Our couples date today was a long walk in the Botanical Garden above the Hindu Temple we visited the day before. With schoolchildren singing and playing games near the opening gate and fountains, we made our way up the mountain further into the main part of the gardens. The huge statues that looked like they were made of gold and white porcelain lead the way. Just like my hike on Moyo Island, our eyes were quickly drawn to the trees. There were so many different kinds and each of them supporting 10+ types of secondary plants that grew symbolically along the trunk, branches and in the canopy. Ferns, mosses, lichens and flowers all climbing everywhere up and down the tallest trees. Every inch of the supporting tree seemed alive and creating its own little ecosystem. We strolled around in the orchid gardens which were a display of Balinese architecture as much as they were of the flowers themselves. The higher up in the park ground we ventured, the more we found things just to ourselves. It was quiet and peaceful. Tranquility was what I needed before getting back out on the roads today. More on that shortly.
About half way down our 3 hour ride from the mountains to the beach it was time for a break. Like a message from the heavens, a bright green building had a big blue banner proclaiming “Warung Babi Guling”. Signs like this just can’t be ignored. My calling was a steaming plate of rice topped with cooked greens, chilis and roast sucking pig to the 8th degree. 8 variants of preparations of the little guy from the milk only feed meat, sausage, stewed offals and several kinds of cracklings. Our second leg of the ride landed us near Amed Beach. Paradise Palm was a $17 gem right on the ocean. This area is directly under the Agung Volcano that spewed ash for 4 days last fall evacuating the residents and resorts for 6 months. It is a very popular SCUBA diving area still struggling to come back to life. While Lacy lounged in the pool, I relaxed with an $11 massage on the deck just 10 feet from the ocean lapping up against the rocky beach. That evening, we found great warung food just a block or so away from the resort area for dinner. Coconut husk wood grilled chicken in a spicy peanut sauce has made its way into my soul. Lacy’s Mie Gorang was beautiful and tasty too. We truly are eating our way across Bali.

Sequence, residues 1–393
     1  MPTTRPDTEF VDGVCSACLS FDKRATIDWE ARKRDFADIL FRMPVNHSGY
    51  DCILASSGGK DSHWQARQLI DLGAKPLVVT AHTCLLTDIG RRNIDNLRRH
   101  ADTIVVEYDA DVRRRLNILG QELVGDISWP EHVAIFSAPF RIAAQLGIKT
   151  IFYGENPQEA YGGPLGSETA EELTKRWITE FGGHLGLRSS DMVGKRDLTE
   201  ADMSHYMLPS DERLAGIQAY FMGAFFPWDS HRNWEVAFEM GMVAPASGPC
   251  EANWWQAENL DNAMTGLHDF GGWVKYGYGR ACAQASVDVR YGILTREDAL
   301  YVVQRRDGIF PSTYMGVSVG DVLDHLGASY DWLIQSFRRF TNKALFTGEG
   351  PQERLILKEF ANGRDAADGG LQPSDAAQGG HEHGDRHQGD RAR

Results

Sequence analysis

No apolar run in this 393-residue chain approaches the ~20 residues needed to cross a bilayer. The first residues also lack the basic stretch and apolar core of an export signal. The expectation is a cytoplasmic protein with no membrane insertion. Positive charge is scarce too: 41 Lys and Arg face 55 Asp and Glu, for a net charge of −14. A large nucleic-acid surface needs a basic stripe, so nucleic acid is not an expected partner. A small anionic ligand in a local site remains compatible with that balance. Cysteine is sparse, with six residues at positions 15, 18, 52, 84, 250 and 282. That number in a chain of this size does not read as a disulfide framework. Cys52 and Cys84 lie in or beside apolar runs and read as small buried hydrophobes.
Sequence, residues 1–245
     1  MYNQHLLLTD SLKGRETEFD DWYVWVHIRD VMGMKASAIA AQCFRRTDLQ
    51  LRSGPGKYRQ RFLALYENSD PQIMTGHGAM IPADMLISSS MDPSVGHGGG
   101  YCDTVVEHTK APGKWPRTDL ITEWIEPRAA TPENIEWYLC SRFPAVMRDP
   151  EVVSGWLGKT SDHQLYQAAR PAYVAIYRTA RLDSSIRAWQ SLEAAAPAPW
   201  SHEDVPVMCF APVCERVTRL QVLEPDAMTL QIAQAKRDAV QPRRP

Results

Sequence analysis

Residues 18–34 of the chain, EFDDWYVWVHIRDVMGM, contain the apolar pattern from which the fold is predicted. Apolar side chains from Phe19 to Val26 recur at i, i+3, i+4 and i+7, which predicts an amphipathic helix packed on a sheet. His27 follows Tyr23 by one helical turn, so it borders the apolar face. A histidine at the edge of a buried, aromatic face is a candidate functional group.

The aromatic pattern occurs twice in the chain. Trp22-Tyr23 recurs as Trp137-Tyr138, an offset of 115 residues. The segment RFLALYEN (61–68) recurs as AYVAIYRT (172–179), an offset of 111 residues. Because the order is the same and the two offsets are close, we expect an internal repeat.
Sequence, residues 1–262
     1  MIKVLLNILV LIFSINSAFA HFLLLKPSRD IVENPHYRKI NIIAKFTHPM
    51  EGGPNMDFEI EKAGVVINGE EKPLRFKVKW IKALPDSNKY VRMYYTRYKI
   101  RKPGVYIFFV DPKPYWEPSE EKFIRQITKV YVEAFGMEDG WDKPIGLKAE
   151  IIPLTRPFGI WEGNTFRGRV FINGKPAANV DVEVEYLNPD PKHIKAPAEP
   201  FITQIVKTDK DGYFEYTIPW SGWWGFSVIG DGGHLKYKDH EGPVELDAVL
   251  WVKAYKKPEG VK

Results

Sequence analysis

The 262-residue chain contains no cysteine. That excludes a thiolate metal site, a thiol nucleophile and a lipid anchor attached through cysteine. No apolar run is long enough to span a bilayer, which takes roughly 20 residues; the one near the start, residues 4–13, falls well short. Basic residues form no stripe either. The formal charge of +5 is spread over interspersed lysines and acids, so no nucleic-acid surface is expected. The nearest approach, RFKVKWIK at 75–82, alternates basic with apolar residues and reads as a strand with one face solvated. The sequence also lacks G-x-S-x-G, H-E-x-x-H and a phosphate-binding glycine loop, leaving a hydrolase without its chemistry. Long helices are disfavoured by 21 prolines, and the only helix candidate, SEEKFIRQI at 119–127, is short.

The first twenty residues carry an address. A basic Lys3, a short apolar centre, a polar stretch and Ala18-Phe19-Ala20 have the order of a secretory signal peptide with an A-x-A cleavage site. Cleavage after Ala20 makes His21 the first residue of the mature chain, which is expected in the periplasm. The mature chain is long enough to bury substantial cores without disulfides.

Beach at the hotel where Ron enjoyed a massage
The next morning’s drive was another W.K.S.T. (explanation soon) ride back up into the mountains from the coast. We arrived at the brow of a mountain which was the base of an age old walking path that would take us up through 6 Hindu Temples to arrive at the 7th, Lempuyang Luhur, at the top of the mountain. It took a little over 2 hours and 2700 stairs up to reach the top. Along the way, we were mixed in with kids, families and groups of men, all dressed in bright white shirts and colorful sarongs. As the faithful climbed, they stopped for prayers and to receive blessings at several of the Temples along the way. Everyone was full of smiles and greetings, colorful flowers tucked in everyone’s hair and in the men’s hats. The air was cool but humid so it was a difficult and steep trek for everyone. Your visual rewards were constant and as breathtaking as the feeling of spirituality surrounding you along the way. Offerings of food and flowers were carefully carried by the worshippers up along with water that would be blessed and returned back down the mountain. On our way back down from the top, what are the odds that an enterprising Bakso cart Lady had 2 Bintangs hidden in her orange juice and water bottles? Rejuvenated and refreshed we returned our borrowed sarongs and headed off on the bike with happy hearts.
This evening, we planned to spend the night near the port of Pading Bai on the east coast of Bali in preparation for an early morning ferry to take the motorcycle back over to Lombok and Sumbawa. Nasi Jinggo, a Balinese rice dish served to-go style packaged in palm leaves and sold on street corners, along with potato fritters was for dinner. Like most rice dishes here, it is 80-90% rice topped with 4 or 5 little servings of spicy mackerel, shredded chicken and different veggies. The very aromatic spice in Nasi Jinggo is a unique blend of chilis, cloves, mint, cinnamon and salt. So jingging good!